Annika Mann is an Assistant Professor of English in the School of Humanities, Arts, and Cultural Studies at Arizona State University’s New College of Interdisciplinary Arts and Sciences. She received her PhD in English from Indiana University, Bloomington in 2011, and her BA in English from Northwestern University in 2003. Before coming to ASU, Mann taught in the Department of English and Comparative Literary Study at Occidental College in Los Angeles, California.
Mann is a scholar of eighteenth-century and Romantic-era British literature and culture, with particular interests in the history of medicine, the politics of health, and print cultures. Her book, Reading Contagion: The Hazards of Reading in the Age of Print (University of Virginia Press, forthcoming), examines how eighteenth-century physicians, philosophers, novelists, and poets depict reading printed texts as materially and affectively contagious, a threat to both individual and collective health. Her co-edited collection, Transforming Contagion: Risky Contacts Among Bodies, Disciplines, and Nations (Rutgers University Press, forthcoming), explores contagion as a feminist, trans-historical, interdisciplinary site of both anxiety and possibility. This collection examines not only contagions postulated to spread from bodies, but also those rooted in political practices, psychological exchanges, social movements, and the classroom.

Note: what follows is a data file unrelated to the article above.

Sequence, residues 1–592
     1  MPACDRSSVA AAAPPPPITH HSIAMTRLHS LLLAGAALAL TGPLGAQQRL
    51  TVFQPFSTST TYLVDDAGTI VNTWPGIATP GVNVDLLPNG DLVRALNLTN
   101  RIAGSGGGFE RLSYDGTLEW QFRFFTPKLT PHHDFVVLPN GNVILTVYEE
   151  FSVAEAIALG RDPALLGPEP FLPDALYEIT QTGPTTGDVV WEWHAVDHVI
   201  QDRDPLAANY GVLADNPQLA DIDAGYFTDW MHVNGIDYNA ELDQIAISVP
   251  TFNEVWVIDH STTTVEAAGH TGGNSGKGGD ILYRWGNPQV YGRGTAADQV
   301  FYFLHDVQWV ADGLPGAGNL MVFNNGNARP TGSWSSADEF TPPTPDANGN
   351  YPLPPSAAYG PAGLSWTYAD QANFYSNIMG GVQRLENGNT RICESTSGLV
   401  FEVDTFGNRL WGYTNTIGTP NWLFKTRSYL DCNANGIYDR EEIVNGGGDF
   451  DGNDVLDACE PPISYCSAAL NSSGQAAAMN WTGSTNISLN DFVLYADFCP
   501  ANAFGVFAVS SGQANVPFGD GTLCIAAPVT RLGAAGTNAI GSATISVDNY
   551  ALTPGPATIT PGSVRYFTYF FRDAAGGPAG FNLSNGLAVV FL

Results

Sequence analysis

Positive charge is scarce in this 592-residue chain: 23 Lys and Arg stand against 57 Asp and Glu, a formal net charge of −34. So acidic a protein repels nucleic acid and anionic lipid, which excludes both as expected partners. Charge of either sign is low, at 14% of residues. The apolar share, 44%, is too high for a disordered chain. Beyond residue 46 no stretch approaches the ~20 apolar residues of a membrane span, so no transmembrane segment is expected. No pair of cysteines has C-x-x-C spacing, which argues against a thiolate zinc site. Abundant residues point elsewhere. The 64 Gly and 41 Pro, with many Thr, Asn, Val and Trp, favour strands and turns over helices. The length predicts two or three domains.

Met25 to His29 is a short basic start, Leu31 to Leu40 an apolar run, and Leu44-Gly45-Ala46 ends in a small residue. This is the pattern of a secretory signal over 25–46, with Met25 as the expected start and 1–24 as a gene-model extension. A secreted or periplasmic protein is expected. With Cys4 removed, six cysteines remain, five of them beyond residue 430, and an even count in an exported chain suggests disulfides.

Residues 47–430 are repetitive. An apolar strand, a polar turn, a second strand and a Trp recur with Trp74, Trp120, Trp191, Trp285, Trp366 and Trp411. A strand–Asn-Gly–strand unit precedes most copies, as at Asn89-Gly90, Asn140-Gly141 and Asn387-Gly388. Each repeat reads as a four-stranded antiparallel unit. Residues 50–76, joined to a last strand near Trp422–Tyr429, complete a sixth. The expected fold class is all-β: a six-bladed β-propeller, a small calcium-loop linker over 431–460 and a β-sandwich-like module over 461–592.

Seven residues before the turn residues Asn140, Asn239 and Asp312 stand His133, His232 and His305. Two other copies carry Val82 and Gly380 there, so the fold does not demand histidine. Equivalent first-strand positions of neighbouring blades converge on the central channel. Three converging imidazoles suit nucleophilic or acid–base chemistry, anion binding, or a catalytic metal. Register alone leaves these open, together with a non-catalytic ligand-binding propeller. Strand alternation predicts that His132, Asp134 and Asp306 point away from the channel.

During the 2017-2018 academic year, Mann is a faculty fellow at ASU’s Institute for Humanities Research, where she is working on a new project, Immovable Bodies: Women Writing Health and Disease in the British Romantic Era. This book explores how women writers resist the universalizing and transdisciplinary claims of medicine and poetics during the Romantic period, producing literary texts that ruminate on immobility instead.
Mann has also published an article “Waste Management: Tobias Smollett and Remediation” in Eighteenth-Century Fiction (Winter 2012-2013, 25.2) and has written on William Blake’s Urizen in Systems of Life: Biopolitics, Economics, and Literature, 1750-1859 (Fordham University Press, 2018).